Thinking probabilistically  Continuous variables
A Summary of lecture "Statistical Thinking in Python (Part 1)", via datacamp
 Probability density functions
 Introduction to the Normal distribution
 The Normal distribution: Properties and warnings
 The Exponential distribution
Introduction to the Normal distribution

Normal distribution

Describes a continuous variable whose PDF has a single symmetric peak.
$$ \begin{align} \text{mean of a Normal distribution} & \neq \text{mean computed from data} \\ \text{st. dev of a Normal distribution} & \neq \text{st. dev computed from data} \end{align} $$

import numpy as np
import pandas as pd
import matplotlib.pyplot as plt
import seaborn as sns
sns.set()
# with stds of interest: samples_std1, samples_std3, stamples_std10
samples_std1 = np.random.normal(20, 1, 100000)
samples_std3 = np.random.normal(20, 3, 100000)
samples_std10 = np.random.normal(20, 10, 100000)
# Make histograms
_ = plt.hist(samples_std1, histtype='step', density=True, bins=100)
_ = plt.hist(samples_std3, histtype='step', density=True, bins=100)
_ = plt.hist(samples_std10, histtype='step', density=True,bins=100)
# Make a legend, set limits
_ = plt.legend(('std = 1', 'std = 3', 'std = 10'))
plt.ylim(0.01, 0.42)
def ecdf(data):
"""Compute ECDF for a onedimensional array of measurements."""
# Number of data points: n
n = len(data)
# xdata for the ECDF: x
x = np.sort(data)
# ydata for the ECDF: y
y = np.arange(1, n + 1) / n
return x, y
x_std1, y_std1 = ecdf(samples_std1)
x_std3, y_std3 = ecdf(samples_std3)
x_std10, y_std10 = ecdf(samples_std10)
# Plot CDFs
_ = plt.plot(x_std1, y_std1, marker='.', linestyle='none')
_ = plt.plot(x_std3, y_std3, marker='.', linestyle='none')
_ = plt.plot(x_std10, y_std10, marker='.', linestyle='none')
# Make a legend
_ = plt.legend(('std = 1', 'std = 3', 'std = 10'), loc='lower right')
plt.savefig('../images/stdcdf.png')
Are the Belmont Stakes results Normally distributed?
Since 1926, the Belmont Stakes is a 1.5 milelong race of 3year old thoroughbred horses. Secretariat ) ran the fastest Belmont Stakes in history in 1973. While that was the fastest year, 1970 was the slowest because of unusually wet and sloppy conditions. With these two outliers removed from the data set, compute the mean and standard deviation of the Belmont winners' times. Sample out of a Normal distribution with this mean and standard deviation using the np.random.normal()
function and plot a CDF. Overlay the ECDF from the winning Belmont times. Are these close to Normally distributed?
Note: Justin scraped the data concerning the Belmont Stakes from the Belmont Wikipedia page.
df = pd.read_csv('./dataset/belmont.csv')
belmont_no_outliers = np.array([148.51, 146.65, 148.52, 150.7 , 150.42, 150.88, 151.57, 147.54,
149.65, 148.74, 147.86, 148.75, 147.5 , 148.26, 149.71, 146.56,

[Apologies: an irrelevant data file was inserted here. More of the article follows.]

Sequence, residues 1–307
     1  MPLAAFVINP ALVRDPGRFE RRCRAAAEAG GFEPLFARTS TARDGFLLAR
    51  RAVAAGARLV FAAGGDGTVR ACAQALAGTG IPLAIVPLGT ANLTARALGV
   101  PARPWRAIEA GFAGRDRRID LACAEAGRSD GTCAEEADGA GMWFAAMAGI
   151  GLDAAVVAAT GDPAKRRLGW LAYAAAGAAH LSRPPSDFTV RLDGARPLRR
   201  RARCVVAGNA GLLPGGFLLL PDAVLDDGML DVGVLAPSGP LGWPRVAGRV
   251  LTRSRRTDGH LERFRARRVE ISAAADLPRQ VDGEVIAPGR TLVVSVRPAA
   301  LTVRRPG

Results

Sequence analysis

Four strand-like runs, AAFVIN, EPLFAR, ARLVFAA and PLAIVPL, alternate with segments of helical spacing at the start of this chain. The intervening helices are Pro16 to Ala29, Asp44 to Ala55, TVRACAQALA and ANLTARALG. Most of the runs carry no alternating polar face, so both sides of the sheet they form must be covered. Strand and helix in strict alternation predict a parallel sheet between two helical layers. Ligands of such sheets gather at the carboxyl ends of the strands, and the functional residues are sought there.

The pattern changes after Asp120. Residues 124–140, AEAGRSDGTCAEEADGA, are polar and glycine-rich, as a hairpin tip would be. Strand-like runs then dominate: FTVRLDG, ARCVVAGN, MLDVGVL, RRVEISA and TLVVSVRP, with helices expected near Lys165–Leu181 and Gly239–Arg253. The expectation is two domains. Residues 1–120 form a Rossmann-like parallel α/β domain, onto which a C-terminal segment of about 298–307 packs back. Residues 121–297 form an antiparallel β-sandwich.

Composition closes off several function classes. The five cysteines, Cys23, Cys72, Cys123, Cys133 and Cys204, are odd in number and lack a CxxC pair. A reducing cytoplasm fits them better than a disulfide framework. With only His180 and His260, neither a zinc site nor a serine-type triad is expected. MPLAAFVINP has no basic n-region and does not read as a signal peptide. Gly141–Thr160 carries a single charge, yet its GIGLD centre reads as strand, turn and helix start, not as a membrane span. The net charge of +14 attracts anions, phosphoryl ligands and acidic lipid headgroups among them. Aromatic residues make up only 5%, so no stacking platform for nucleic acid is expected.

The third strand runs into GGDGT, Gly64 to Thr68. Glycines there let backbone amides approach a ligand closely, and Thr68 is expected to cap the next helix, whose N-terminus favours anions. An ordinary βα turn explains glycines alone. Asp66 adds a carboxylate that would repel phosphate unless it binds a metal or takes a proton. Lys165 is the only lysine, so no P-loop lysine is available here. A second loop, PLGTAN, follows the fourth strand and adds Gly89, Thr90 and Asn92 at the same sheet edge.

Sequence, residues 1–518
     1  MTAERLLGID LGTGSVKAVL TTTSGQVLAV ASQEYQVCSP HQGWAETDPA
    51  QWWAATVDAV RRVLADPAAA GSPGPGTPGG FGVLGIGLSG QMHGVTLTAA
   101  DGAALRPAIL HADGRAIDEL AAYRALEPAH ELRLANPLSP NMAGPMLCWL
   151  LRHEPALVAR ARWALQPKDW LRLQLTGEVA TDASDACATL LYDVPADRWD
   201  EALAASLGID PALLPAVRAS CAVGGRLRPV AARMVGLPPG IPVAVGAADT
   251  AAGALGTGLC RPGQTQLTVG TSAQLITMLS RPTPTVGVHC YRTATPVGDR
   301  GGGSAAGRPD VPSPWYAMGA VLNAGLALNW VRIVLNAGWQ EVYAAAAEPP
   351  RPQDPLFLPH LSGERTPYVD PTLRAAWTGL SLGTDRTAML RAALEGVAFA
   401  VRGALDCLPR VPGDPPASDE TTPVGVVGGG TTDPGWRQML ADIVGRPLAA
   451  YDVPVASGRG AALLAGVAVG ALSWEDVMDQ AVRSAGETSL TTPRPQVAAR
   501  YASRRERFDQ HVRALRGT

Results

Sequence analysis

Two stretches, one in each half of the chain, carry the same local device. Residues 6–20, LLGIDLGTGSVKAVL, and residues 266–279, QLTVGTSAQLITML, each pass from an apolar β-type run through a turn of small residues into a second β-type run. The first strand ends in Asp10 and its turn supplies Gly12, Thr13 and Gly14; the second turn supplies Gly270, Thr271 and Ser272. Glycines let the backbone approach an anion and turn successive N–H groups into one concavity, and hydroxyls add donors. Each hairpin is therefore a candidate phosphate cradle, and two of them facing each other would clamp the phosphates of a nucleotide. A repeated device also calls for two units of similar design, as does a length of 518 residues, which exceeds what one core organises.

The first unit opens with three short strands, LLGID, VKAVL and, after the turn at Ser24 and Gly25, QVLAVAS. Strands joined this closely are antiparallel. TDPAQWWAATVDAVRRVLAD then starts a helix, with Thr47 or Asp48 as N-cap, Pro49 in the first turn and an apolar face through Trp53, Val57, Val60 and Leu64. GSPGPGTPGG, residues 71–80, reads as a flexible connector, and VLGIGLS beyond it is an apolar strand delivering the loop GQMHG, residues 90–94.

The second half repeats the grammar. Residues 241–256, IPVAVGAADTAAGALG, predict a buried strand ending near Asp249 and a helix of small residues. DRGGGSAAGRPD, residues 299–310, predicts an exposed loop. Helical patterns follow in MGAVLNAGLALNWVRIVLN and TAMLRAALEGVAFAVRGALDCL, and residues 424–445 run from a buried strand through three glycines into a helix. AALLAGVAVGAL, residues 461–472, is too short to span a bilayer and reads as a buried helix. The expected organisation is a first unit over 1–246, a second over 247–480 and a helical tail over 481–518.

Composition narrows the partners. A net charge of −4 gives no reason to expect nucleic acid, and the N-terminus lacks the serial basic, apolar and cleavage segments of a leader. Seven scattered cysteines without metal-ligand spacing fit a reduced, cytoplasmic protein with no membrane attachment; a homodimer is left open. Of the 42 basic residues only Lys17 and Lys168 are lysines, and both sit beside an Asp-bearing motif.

151.19, 147.88, 149.16, 148.82, 148.96, 152.02, 146.82, 149.97,
146.13, 148.1 , 147.2 , 146. , 146.4 , 148.2 , 149.8 , 147. ,
147.2 , 147.8 , 148.2 , 149. , 149.8 , 148.6 , 146.8 , 149.6 ,
149. , 148.2 , 149.2 , 148. , 150.4 , 148.8 , 147.2 , 148.8 ,
149.6 , 148.4 , 148.4 , 150.2 , 148.8 , 149.2 , 149.2 , 148.4 ,
150.2 , 146.6 , 149.8 , 149. , 150.8 , 148.6 , 150.2 , 149. ,
148.6 , 150.2 , 148.2 , 149.4 , 150.8 , 150.2 , 152.2 , 148.2 ,
149.2 , 151. , 149.6 , 149.6 , 149.4 , 148.6 , 150. , 150.6 ,
149.2 , 152.6 , 152.8 , 149.6 , 151.6 , 152.8 , 153.2 , 152.4 ,
152.2 ])
mu = np.mean(belmont_no_outliers)
sigma = np.std(belmont_no_outliers)
# Sample out of a normal distribution with this mu and sigma: samples
samples = np.random.normal(mu, sigma, size=10000)
# Get the CDF of the samples and of the data
x_theor, y_theor = ecdf(belmont_no_outliers)
x, y = ecdf(samples)
# Plot the CDFs
_ = plt.plot(x_theor, y_theor)
_ = plt.plot(x, y, marker='.', linestyle='none')
_ = plt.xlabel('Belmont winning time (sec.)')
_ = plt.ylabel('CDF')
samples = np.random.normal(mu, sigma, size=1000000)
# Compute the fraction that are faster than 144 seconds: prob
prob = np.sum(samples < 144) / len(samples)
# Print the result
print('Probability of besting Secretariat:', prob)
If you have a story, you can simulate it!
Sometimes, the story describing our probability distribution does not have a named distribution to go along with it. In these cases, fear not! You can always simulate it. We'll do that in this and the next exercise.
In earlier exercises, we looked at the rare event of nohitters in Major League Baseball. Hitting the cycle is another rare baseball event. When a batter hits the cycle, he gets all four kinds of hits, a single, double, triple, and home run, in a single game. Like nohitters, this can be modeled as a Poisson process, so the time between hits of the cycle are also Exponentially distributed.
How long must we wait to see both a nohitter and then a batter hit the cycle? The idea is that we have to wait some time for the nohitter, and then after the nohitter, we have to wait for hitting the cycle. Stated another way, what is the total waiting time for the arrival of two different Poisson processes? The total waiting time is the time waited for the nohitter, plus the time waited for the hitting the cycle.
Now, you will write a function to sample out of the distribution described by this story.
def successive_poisson(tau1, tau2, size=1):
"""Compute time for arrival of 2 successive Poisson processes."""
# Draw samples out of first exponential distribution: t1
t1 = np.random.exponential(tau1, size)
# Draw samples out of second exponential distribution: t2
t2 = np.random.exponential(tau2, size)
return t1 + t2
waiting_times = successive_poisson(764, 715, size=100000)
# Make the histogram
_ = plt.hist(waiting_times, bins=100, density=True, histtype='step')
# Label axes
_ = plt.xlabel('waiting times')
_ = plt.ylabel('PDF')